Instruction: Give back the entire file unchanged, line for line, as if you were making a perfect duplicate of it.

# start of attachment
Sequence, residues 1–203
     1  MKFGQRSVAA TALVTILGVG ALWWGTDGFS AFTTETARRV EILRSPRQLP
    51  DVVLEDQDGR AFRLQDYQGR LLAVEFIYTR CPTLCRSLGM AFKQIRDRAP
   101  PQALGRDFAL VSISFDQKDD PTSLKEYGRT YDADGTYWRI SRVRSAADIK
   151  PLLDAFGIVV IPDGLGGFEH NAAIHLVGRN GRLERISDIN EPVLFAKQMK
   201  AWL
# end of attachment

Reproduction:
Sequence, residues 1–203
     1  MKFGQRSVAA TALVTILGVG ALWWGTDGFS AFTTETARRV EILRSPRQLP
    51  DVVLEDQDGR AFRLQDYQGR LLAVEFIYTR CPTLCRSLGM AFKQIRDRAP
   101  PQALGRDFAL VSISFDQKDD PTSLKEYGRT YDADGTYWRI SRVRSAADIK
   151  PLLDAFGIVV IPDGLGGFEH NAAIHLVGRN GRLERISDIN EPVLFAKQMK
   201  AWL